Many members of the Hunger 9 also are entrepreneurs or are employers, including Mr. Tavernier and Mr. Haynes. Mr. Tavernier also holds the 7th Regional Protocol post in Miami’s Muhammad Mosque No. 29.

“I’ve been responsible for employment responsibilities, business responsibilities since I’ve been here and trying to do that while pushing down the cravings, while pushing down the desire for food and those kinds of things,” he said. “The spirit has been very strong. Just to focus on this, on my personal life and those things that still gotta happen, while we’re engaged in this spiritual warfare.”

Support flows in

The men started their fast after a March 10 press conference. They hugged their families because they didn’t know when the strike would end—they were going in without a deadline.

“We did think about 20 days,” said Mr. Tavernier. “Don’t think any of us came in thinking it would take any less.”

Lyle Muhammad speaks to audience members and press.
But support quickly poured in.

“We want people to see there are Black men here who love and will sacrifice their bodies because they love the community so much,” Lyle Muhammad, COB executive director said during the press conference. “There are people declaring states of emergency for walls ... states of emergency for dog parks. Well, we’re declaring a state of emergency that we need more resources.”

Once the nine started their fast, it didn’t take long for people to start paying attention to what they were trying to do.

On day four, busloads of members from the Miami Rescue Mission stopped by to support the nine. On day six, students from Marjory Stoneman Douglas High School in Parkland, Fla., stopped by. The school is where 17 students were killed in a mass shooting. On day seven, several organizations poured in at noon, including the NFL Sisters in Service. Several organizations, activists, spiritual leaders and others came to visit. Their story was covered on local television stations and NPR’s Miami affiliate.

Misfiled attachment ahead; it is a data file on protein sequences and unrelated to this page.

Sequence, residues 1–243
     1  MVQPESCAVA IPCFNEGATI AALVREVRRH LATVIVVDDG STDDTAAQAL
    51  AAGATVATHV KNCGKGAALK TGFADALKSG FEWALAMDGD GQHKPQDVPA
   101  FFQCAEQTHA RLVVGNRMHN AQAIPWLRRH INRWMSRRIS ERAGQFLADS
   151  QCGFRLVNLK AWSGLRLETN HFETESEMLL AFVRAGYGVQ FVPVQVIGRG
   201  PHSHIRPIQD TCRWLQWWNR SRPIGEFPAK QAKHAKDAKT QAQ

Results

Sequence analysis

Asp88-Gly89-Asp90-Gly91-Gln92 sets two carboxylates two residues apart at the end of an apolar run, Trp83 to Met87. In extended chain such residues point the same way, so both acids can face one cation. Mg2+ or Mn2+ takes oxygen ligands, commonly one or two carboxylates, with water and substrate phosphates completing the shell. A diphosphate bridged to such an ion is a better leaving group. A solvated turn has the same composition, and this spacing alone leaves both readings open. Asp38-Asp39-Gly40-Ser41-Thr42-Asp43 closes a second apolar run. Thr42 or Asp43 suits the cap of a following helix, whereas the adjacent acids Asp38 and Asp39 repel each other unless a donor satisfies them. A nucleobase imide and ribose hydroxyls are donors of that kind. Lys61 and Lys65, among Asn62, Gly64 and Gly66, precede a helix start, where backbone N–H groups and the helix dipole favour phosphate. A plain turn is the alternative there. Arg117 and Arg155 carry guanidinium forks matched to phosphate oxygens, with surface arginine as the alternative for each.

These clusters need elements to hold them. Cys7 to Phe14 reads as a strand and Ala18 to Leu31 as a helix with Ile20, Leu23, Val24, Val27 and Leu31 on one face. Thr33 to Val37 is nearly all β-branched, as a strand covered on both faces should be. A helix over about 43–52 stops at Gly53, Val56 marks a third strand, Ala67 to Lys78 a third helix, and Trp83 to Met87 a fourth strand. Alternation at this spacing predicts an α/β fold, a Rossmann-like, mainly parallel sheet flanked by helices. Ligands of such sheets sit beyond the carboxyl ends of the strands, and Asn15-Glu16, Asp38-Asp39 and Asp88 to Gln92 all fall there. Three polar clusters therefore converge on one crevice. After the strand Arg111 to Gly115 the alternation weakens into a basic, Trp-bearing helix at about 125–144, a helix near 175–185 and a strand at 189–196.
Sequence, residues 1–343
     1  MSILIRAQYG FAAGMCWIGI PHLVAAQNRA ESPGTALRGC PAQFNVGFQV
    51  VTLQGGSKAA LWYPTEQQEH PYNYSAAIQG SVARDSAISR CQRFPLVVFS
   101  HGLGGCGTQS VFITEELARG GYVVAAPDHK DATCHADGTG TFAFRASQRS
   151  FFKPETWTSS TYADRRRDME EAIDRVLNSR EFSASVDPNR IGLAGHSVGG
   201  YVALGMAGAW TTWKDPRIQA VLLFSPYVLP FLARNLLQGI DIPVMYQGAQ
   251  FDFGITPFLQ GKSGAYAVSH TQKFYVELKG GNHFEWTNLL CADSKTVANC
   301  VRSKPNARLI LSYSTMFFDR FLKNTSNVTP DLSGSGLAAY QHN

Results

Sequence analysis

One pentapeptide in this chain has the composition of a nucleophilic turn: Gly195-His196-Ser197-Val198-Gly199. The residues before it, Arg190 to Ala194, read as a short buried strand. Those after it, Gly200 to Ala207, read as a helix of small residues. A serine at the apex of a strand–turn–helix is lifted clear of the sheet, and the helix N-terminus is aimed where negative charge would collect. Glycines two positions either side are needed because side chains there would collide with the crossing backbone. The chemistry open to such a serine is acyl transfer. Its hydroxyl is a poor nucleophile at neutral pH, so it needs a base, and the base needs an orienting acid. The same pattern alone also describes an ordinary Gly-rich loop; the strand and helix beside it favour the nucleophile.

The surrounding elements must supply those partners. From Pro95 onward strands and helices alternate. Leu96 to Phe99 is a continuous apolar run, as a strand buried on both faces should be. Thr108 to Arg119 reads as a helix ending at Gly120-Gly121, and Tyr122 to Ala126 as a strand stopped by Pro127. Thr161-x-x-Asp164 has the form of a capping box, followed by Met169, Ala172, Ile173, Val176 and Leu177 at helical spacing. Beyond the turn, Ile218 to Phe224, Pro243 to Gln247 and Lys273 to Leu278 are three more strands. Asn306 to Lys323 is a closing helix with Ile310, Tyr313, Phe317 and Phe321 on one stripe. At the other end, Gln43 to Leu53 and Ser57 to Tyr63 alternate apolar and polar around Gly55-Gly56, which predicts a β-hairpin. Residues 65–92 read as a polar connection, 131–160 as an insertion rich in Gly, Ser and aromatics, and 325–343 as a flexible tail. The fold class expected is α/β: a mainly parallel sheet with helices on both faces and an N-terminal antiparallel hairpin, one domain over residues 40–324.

But the nine weren’t just idly sitting by. They hosted police sensitivity trainings and community dialogues from their lot.

“I want them to feel the love because our people act the way they act because of a lack of love,” Mr. Campbell said. “People that come from the outside and look at our brothers and our sisters that are doing the shootings that are also victims, too. They look at them as if they woke up like that. A 15-year-old shooter and the one that’s spiraling out of control, he didn’t just wake up like that. He grew up into the person that we see from a lack of love and the major reason is the father is not in the home.”

Nearly each day on the lot, the men focused on some aspect of gun violence. It became a place where people affected by gun violence could bring t-shirts with their loved ones’ faces on it and hang them.

Now what?

On Day 21, the Hunger 9 held a huge press conference and community event to announce their exit strategy. City mayors, commissioners, spiritual leaders, and community members were present.

“Not to disrespect any dignitaries out there—but these are the only dignitaries here today,” announced Lyle Muhammad, pointing to the nine men sitting in the front row. His words were followed by cheers and applause.

Miami Mayor Francis Suarez said, “People like the Circle of Brotherhood have taken ownership over their community.This year, we’re 40 percent below last year’s 51-year low” Miami homicide rate.

Nation of Islam Seventh Region Student Minister Patrick Muhammad speaks at Hunger 9’s press conference and community event.
Nation of Islam Student Minister Patrick Muhammad, the 7th Regional representative of the Honorable Minister Louis Farrakhan, stood by the Hunger 9 during their fast and shared words on uniting spiritual leaders, the community, and taking action.

State Rep. Kionne McGhee pledged funds to go towards the Hunger 9’s efforts and pledged to confer with his colleagues to get more funding.

Last to speak were students from Marjory Stoneman Douglas High School, saying they were excited to work with the Hunger 9 to continue the effort into the future.

“The Hunger 9 is eventually going to pass the torch to you,” Lyle Muhammad told the young people. “Our efforts will continue to move forward.”

The Hunger 9 plans to work with anti-gun violence groups even further south of Miami in an area called Homestead and Goulds, where gun violence has run rampant.

“I realize it’s gonna take that much more in order to just get our people to pay attention. Just to get them to pay attention, it takes 20 days,” Mr. Tavernier laughed. “Just to get some folks who live around the corner who’ve been watching to want to come and take consideration.”

The Hunger 9 are far from done.